Prove language is not regular? [duplicate]

I know how to use the pumping lemma to do so, but I don't think that can be used for this language:

$$L = \{x \in \{0,1\}^* : \text{no prefix of x has more 1's than 0's}\}.$$

What other method can I use to prove this?

• The pumping lemma should be enough. Think about what the prefix condition tells you about the whole string. – David Richerby Oct 27 '13 at 19:48
• can I use a pumping length p? or is that too general? If can use p you could just do (0^p-1)1 and pump 1 p times – user11006 Oct 27 '13 at 21:22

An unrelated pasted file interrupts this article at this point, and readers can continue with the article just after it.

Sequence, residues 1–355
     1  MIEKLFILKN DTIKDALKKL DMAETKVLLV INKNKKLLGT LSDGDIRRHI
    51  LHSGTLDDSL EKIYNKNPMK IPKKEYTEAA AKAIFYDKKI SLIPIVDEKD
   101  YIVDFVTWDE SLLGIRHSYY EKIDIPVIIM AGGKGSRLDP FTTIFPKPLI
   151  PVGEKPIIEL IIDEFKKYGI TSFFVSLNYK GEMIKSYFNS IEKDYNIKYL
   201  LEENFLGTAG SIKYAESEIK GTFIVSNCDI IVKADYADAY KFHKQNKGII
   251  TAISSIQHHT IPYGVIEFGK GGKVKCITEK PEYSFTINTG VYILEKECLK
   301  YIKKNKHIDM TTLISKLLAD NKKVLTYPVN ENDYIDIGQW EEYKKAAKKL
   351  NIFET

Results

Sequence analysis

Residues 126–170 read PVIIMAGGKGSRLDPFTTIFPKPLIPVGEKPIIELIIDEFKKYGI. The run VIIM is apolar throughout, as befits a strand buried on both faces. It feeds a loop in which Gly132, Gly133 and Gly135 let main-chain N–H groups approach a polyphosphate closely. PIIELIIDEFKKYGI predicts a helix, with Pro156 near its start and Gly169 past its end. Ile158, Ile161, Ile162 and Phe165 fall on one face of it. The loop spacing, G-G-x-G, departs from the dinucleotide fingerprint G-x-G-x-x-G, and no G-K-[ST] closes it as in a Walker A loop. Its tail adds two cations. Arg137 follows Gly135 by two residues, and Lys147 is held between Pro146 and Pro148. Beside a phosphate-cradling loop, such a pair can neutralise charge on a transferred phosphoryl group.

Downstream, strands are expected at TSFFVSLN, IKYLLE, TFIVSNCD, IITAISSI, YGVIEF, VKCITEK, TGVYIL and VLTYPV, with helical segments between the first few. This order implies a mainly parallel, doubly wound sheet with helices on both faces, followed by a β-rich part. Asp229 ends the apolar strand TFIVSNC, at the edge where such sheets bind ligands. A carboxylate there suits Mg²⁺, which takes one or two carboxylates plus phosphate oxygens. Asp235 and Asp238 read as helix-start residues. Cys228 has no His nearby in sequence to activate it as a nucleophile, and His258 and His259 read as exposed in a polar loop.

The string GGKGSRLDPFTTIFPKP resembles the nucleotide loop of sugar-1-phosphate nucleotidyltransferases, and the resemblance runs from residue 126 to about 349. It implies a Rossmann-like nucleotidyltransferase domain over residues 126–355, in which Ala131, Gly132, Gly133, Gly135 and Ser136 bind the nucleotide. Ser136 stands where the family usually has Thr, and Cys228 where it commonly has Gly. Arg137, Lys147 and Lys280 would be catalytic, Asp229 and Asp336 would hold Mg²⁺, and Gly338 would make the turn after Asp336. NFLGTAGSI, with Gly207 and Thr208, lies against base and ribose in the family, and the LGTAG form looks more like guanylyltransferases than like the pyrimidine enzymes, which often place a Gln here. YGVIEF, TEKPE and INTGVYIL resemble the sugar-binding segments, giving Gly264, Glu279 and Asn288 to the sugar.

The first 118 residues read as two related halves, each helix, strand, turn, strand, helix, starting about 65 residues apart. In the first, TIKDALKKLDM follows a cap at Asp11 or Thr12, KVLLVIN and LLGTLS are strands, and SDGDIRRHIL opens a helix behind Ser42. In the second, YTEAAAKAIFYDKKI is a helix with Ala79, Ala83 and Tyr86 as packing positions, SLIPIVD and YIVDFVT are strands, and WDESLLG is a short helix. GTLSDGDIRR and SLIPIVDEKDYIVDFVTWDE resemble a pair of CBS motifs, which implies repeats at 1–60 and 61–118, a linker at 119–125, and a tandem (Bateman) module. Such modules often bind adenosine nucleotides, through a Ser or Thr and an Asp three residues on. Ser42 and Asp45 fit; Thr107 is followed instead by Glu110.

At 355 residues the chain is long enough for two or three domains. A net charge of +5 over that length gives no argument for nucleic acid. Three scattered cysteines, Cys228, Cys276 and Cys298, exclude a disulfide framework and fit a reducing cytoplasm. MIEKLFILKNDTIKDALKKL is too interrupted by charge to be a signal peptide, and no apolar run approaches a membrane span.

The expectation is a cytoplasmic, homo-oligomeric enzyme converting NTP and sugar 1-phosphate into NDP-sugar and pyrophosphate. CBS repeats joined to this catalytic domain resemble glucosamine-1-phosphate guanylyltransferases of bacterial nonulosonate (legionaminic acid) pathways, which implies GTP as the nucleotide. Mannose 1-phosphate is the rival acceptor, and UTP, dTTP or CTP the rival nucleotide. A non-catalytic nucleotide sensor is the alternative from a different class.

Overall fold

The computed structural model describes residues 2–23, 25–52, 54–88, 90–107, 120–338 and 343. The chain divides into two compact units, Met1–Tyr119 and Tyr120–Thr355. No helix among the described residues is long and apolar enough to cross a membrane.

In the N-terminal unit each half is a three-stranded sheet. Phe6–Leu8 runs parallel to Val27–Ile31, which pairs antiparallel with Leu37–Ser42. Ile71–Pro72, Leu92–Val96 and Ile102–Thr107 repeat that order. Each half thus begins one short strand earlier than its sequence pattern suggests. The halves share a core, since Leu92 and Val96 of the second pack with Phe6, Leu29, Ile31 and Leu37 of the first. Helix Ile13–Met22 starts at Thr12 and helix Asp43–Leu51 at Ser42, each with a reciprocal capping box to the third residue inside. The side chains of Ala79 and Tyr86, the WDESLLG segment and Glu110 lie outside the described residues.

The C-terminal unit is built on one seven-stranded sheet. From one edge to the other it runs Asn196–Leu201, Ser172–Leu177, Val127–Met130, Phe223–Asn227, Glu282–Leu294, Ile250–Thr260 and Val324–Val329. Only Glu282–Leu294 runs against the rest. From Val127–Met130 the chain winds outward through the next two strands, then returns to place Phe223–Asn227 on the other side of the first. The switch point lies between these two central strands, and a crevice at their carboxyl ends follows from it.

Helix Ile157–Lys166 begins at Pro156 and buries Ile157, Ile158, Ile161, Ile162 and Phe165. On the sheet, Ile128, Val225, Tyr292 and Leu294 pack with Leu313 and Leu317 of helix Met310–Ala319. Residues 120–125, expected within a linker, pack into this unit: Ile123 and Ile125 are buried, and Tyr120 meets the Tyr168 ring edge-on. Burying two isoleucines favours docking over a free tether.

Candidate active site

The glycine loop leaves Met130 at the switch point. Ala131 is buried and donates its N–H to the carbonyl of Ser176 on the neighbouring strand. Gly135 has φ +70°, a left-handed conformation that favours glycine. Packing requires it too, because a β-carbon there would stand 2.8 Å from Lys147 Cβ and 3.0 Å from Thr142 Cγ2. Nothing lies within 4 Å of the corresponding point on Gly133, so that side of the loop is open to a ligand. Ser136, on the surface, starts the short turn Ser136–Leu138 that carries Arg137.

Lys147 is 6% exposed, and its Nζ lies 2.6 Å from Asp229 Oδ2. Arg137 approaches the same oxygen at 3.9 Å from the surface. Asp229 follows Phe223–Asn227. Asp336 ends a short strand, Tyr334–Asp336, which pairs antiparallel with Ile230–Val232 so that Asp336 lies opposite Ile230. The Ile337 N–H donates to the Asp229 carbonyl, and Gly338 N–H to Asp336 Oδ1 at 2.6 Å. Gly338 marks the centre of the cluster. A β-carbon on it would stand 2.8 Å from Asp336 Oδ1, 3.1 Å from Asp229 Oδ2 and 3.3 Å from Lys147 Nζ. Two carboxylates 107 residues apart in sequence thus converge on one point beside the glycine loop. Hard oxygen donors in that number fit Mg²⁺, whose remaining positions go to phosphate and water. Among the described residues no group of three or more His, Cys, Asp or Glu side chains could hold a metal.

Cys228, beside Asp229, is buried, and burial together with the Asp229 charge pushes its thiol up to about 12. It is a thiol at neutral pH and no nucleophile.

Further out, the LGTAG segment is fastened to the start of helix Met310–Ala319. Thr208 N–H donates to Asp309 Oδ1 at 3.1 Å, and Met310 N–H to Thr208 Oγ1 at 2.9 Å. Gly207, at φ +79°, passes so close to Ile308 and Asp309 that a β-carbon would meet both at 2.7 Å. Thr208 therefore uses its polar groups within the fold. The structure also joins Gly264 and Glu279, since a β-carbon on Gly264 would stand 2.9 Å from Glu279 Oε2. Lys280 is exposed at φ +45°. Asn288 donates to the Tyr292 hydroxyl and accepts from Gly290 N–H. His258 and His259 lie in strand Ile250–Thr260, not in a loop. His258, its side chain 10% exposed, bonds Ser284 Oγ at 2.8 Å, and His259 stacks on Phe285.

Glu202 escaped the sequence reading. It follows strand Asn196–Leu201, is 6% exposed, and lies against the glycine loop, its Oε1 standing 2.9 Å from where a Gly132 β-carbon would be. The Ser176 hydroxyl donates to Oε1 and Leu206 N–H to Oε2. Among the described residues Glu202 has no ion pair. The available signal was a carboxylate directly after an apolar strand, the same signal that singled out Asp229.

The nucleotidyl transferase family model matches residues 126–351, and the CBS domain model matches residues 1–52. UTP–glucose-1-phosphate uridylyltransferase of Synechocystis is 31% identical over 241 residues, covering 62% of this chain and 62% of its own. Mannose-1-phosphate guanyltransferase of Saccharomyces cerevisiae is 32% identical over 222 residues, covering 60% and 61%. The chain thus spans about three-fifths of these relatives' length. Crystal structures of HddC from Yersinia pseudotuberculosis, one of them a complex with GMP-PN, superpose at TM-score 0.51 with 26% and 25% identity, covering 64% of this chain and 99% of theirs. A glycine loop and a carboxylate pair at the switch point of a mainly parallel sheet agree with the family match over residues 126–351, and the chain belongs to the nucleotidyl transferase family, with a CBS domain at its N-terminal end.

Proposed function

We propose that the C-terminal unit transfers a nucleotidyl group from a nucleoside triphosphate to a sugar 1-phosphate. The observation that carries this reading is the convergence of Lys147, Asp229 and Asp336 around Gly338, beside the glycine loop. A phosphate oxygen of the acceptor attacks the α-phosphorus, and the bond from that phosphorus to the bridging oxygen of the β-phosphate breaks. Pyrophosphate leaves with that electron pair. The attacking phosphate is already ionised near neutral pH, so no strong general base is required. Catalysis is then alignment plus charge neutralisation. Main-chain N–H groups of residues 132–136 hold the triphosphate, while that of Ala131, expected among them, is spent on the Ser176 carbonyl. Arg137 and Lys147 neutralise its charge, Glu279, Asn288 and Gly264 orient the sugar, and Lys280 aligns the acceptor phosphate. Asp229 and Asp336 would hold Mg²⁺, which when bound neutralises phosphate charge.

• That looks like the right approach, yes. If the language was regular, there would be a pumping length. The pumping length is essentially the number of states of some automaton that accepts the language, so you can't choose it: that means you have to be general and just let it be $p$. – David Richerby Oct 28 '13 at 0:26
• I suggest you have a look at our reference question: cs.stackexchange.com/questions/1031/…. – Yuval Filmus Oct 28 '13 at 5:03

Hint: use $0^n1^n$ for large enough $n$.
Another approach is to use the Myhill-Nerode criterion, say with the words $0^n$.